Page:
Drechelle McCray, Vice Principal of Administration Darcie Hordofa, Vice Principal of Finance
P.S. PAA posted a follow up commitment and action plan on June 8th. Read that HERE.
The Oregon Conference of theSeventh-day Adventist Church joins the chorus of voices to lift up the memory of Ahmaud Arbery, Breonna Taylor, George Floyd and the multitude of other black brothers and sisters whose lives were taken by unjust racially-influenced violence. We join the outcry for justice and raise our voice to stand in support of all of our brothers and sisters who continue to live in an oppressive shadow of racially-derived mistrust, fear and abuse by the dominant society.
The Bible proclaims:
“So God created mankind in his own image, in the image of God he created them” Genesis 1:27 (NewInternational Version). On this foundation, we believe that all humans are created equal to live in harmony and peace together.
We understand that the grand narrative of our Scriptures reveals a great controversy between good and evil in our world, which is apparent in the devaluation and harming of others and beckons us back to divine love and goodness. We denounce the evil of racism in all forms, and we denounce the injustice of systemic racism and classism. We support those who peacefully protest injustice and demonstrate non-violent actions to advance equality. Yet, we are pained by acts of violence, riots and destruction that bring harm to the cities and country we love.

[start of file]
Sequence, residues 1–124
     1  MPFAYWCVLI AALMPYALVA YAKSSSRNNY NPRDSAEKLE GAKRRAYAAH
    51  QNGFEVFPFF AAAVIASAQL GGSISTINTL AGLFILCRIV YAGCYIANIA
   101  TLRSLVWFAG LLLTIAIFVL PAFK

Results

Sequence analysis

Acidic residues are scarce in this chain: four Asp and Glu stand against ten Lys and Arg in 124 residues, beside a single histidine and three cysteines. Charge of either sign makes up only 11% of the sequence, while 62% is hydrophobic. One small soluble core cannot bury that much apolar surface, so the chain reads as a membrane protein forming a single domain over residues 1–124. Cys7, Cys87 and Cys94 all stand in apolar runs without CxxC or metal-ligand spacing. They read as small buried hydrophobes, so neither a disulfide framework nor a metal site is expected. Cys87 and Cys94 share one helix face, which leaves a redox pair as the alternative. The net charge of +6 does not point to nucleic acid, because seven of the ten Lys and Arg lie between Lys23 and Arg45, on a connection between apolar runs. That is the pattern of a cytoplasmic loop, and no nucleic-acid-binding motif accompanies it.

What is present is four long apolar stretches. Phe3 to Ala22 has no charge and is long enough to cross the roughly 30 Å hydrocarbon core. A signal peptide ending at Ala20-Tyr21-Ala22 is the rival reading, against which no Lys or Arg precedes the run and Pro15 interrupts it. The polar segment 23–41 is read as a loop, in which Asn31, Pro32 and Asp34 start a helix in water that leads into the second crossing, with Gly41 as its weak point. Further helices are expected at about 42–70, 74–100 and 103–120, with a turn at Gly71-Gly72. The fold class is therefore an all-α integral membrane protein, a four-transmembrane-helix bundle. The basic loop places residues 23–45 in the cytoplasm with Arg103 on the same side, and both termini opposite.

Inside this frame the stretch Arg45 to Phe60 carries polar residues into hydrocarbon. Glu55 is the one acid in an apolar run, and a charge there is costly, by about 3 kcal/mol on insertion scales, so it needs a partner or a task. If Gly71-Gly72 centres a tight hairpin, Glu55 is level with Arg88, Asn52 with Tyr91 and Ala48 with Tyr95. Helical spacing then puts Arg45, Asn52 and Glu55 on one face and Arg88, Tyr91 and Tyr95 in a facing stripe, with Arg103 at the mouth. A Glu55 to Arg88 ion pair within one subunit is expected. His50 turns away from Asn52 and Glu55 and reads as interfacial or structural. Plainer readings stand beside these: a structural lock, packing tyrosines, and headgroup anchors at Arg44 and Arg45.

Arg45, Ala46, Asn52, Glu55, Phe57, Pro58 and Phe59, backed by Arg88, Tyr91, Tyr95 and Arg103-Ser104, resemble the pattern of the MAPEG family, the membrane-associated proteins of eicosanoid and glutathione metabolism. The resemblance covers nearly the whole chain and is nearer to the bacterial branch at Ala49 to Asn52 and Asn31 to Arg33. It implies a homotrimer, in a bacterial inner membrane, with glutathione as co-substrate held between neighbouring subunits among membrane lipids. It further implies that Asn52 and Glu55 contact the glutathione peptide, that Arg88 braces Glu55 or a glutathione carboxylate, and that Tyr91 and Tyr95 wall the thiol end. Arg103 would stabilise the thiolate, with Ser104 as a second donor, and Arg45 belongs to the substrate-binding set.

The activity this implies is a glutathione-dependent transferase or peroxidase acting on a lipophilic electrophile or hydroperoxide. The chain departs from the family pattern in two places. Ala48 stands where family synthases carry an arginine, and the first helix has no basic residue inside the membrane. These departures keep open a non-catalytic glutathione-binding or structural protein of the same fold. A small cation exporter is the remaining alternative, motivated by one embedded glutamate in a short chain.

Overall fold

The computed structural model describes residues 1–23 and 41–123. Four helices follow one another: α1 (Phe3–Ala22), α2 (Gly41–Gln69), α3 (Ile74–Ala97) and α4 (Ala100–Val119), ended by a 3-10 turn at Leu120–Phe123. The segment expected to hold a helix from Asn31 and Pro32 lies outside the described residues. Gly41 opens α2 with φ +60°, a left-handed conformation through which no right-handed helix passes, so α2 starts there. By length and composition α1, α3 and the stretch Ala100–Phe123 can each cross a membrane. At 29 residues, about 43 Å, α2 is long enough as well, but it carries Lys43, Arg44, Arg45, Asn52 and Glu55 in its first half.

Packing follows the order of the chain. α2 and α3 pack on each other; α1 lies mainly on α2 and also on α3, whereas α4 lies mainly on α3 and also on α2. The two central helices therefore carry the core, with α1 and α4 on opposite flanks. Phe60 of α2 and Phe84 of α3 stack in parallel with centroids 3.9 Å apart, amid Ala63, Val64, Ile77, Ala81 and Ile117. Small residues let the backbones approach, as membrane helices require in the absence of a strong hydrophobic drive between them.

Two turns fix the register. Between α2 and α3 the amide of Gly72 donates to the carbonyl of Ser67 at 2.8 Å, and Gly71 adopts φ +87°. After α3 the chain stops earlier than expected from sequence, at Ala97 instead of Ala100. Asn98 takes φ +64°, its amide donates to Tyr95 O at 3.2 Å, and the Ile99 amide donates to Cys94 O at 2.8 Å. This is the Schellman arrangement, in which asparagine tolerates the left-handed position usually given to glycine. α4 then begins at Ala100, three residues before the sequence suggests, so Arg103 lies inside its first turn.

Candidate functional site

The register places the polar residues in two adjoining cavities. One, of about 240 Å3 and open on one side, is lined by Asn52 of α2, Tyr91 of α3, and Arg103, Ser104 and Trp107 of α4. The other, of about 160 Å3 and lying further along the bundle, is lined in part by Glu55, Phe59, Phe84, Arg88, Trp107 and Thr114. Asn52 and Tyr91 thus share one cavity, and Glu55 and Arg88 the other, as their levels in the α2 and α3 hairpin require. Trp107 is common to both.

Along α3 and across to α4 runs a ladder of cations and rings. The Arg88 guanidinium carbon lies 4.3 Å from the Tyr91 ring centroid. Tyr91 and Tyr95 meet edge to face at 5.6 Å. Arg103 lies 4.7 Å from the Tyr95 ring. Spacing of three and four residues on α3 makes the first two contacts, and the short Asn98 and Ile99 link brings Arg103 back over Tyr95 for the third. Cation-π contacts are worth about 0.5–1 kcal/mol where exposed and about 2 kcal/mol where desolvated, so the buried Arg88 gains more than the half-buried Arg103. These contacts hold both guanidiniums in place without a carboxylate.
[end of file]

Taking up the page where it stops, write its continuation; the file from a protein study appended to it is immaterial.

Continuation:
We all need to be part of real solutions and strategic actions to address systemic racism and prejudice. We all must take substantive steps toward racial equality. For us, that starts with listening carefully to our minority brothers and sisters, learning from their experiences and taking steps together toward a more just society.
We have much to learn, but we know that the way forward includes practicing Jesus’ teaching to “love your neighbor as yourself” Matthew 22:39, (New International Version).